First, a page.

Carlos III: A crowd of citizens receives Carlos III in Buckingham | International
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The arrival early this Friday at Buckingham Palace of the new king of the United Kingdom, Charles III, and the queen consort, Camila, has been the first revealing image of the era that the country opens. Thousands of citizens awaited the monarchs, who have decided to stop the official car at the palace gate, and go out to greet the people. Songs of “God Save the King”, bouquets of flowers, even a kiss on the cheek from an enthusiastic lady who was waiting in the front row, behind the metal fences. Carlos III thanked all of them. And on his face, as in his confusion when he doubted which door he should access his new residence through, made clear the uncertainty —also the hope— with which his reign begins. To begin to clear it, the speech to the nation that he will deliver at six in the afternoon (seven in the afternoon, Spanish peninsular time) will be essential.
When glossing the strengths of Elizabeth II, the new Prime Minister of the United Kingdom, Liz Truss, who meets the king for the first time this Friday, made a negative portrait, as an image in reverse of the reality of the country she leaves behind her the deceased and mourned monarch. “It was the rock on which modern Britain was built. Our country has grown and flourished under her reign, ”said Truss at the door of 10 Downing Street, which she had barely crossed herself 48 hours earlier. “Through thick and thin, Queen Elizabeth II provided us with the stability and strength we needed,” concluded the conservative politician.
It was Shakespeare who wrote that “there are people who are born great, others become great, and some greatness comes upon them.” Truss, who with the mere support of 81,000 members of the Conservative Party, managed to take over the fate of 67 million Britons this week, has had the greatness – or the condemnation – of being the prime minister who ends the “second Elizabethan era” and begins a new “Carolina era”, which coincides with the beginning of an economic recession, with a huge energy crisis, galloping inflation and 78% of the British, according to the YouGov company, completely disappointed with the idea that he is going to occupy Downing Street.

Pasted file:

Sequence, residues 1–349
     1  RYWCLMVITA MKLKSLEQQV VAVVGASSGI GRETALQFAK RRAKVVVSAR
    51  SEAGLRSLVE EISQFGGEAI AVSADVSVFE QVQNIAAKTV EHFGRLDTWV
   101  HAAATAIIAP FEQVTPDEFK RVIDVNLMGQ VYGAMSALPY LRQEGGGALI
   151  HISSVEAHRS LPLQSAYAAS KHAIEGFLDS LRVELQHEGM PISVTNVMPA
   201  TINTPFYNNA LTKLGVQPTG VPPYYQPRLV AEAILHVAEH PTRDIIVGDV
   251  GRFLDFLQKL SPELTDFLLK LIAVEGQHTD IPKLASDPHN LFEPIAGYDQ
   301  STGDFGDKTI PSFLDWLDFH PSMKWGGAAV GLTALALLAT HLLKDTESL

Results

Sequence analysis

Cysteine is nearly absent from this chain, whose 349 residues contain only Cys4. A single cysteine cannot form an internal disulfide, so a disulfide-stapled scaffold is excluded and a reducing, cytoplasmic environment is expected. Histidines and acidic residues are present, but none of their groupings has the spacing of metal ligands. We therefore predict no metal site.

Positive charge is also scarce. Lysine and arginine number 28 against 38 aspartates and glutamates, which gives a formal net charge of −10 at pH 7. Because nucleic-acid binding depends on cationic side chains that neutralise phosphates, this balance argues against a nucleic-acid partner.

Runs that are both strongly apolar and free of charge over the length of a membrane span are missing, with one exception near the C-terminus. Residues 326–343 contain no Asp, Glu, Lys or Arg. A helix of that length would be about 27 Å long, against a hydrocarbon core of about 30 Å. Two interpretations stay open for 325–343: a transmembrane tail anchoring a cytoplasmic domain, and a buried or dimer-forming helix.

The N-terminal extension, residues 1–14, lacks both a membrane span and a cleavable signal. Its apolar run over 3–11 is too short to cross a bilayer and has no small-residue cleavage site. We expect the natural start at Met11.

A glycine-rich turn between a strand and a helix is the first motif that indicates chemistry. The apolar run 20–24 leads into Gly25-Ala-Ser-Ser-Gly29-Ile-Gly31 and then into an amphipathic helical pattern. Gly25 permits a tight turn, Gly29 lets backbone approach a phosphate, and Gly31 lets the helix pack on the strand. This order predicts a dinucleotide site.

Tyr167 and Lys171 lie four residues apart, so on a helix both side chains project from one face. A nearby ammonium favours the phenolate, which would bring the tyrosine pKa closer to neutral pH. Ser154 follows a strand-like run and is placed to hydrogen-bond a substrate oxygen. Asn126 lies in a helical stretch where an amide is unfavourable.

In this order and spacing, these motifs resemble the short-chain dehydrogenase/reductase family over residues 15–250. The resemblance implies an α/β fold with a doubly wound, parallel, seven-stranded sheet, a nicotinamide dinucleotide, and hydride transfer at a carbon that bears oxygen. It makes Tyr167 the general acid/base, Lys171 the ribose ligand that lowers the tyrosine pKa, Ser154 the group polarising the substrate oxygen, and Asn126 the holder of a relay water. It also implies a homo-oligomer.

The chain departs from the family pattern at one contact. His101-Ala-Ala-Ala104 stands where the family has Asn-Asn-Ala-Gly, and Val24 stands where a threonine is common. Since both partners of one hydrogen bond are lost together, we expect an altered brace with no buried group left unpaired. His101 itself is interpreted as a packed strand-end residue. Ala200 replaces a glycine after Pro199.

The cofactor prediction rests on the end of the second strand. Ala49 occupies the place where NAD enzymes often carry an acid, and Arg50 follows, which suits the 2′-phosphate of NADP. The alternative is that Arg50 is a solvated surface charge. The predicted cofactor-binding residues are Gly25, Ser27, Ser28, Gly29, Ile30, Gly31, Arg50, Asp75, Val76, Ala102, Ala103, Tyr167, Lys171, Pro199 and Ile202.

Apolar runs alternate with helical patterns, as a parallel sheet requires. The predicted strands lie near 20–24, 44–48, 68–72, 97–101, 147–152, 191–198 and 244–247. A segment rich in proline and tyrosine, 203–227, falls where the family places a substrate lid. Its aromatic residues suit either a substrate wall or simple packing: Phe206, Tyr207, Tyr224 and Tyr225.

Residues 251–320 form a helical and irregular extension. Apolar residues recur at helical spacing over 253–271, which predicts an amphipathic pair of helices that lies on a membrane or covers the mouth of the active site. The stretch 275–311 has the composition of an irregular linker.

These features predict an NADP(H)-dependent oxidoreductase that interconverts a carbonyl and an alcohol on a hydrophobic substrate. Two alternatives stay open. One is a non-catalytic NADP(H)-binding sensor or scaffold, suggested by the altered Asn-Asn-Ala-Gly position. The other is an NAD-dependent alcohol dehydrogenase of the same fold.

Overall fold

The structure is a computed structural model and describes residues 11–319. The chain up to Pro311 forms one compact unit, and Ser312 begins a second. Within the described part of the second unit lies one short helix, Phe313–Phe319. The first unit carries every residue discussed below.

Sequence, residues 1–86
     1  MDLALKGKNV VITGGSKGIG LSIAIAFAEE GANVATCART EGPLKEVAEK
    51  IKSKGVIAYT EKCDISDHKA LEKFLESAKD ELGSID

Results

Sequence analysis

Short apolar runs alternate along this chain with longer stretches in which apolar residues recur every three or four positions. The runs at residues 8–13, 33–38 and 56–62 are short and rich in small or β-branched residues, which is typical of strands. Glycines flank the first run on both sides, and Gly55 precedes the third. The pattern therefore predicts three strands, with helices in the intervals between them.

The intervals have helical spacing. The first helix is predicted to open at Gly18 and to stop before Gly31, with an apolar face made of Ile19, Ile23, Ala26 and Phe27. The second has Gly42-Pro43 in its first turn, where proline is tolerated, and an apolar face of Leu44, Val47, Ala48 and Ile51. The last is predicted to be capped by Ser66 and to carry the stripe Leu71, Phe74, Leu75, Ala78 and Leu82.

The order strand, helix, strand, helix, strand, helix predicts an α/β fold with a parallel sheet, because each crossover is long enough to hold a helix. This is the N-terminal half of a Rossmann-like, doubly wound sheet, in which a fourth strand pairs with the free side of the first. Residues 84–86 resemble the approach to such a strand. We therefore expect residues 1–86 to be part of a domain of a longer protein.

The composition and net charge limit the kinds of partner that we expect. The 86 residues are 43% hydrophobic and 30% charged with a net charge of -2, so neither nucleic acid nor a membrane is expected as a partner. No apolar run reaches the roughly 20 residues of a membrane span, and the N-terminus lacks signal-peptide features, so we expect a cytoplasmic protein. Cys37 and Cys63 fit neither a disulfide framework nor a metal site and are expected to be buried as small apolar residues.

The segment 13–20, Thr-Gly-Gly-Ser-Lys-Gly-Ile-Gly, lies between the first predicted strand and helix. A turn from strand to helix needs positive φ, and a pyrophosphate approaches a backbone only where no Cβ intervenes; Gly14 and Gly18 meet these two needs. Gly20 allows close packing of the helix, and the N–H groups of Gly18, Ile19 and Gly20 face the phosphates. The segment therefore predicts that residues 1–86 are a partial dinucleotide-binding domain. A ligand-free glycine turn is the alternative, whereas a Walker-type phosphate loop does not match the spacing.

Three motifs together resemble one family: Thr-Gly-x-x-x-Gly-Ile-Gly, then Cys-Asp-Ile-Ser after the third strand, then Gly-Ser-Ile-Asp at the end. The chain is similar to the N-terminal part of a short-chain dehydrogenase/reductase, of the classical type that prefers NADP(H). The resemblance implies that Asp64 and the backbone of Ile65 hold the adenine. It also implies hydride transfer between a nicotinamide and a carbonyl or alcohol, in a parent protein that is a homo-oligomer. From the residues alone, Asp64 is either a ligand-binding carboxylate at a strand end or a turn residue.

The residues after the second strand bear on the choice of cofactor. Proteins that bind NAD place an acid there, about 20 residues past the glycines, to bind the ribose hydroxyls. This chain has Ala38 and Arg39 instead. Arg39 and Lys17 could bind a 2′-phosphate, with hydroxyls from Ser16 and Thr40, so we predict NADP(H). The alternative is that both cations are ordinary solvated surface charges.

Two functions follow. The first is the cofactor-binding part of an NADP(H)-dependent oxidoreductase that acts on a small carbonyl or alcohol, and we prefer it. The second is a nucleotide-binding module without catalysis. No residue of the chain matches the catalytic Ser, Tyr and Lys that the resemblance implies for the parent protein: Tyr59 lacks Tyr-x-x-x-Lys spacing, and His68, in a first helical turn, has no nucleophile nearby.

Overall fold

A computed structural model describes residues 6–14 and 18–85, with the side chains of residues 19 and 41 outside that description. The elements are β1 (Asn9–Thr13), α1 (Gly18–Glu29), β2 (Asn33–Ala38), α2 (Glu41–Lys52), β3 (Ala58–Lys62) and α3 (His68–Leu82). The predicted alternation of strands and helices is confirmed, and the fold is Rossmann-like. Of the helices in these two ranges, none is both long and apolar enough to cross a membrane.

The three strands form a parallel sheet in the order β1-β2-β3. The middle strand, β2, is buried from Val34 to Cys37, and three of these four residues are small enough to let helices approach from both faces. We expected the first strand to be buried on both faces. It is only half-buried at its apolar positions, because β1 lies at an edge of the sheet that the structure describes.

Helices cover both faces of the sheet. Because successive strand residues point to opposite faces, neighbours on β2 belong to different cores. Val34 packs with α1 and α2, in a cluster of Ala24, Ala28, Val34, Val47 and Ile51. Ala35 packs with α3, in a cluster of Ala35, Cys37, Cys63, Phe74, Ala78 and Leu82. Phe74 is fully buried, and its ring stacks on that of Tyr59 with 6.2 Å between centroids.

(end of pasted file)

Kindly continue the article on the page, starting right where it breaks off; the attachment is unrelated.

Fortunately for her, the real challenge of the coming days will not fall so much on her shoulders as on those of a man who has spent more than seven decades preparing to be king, and even so, he has not finished dispelling the skepticism that many have about his ability. citizens.
Carlos III has finally ascended the throne with a popularity rating of 42%, also according to YouGov’s monitoring for years. Well below the 75% that Isabel II had, but also the 66% that her son Guillermo de Ella enjoys. The dilemma endlessly fueled by many of the British tabloids by pitting the modern and neat image of the second in line of succession against that of his father, and suggesting the possibility of a generational leap that would make the Duke of Cambridge ahead of Carlos.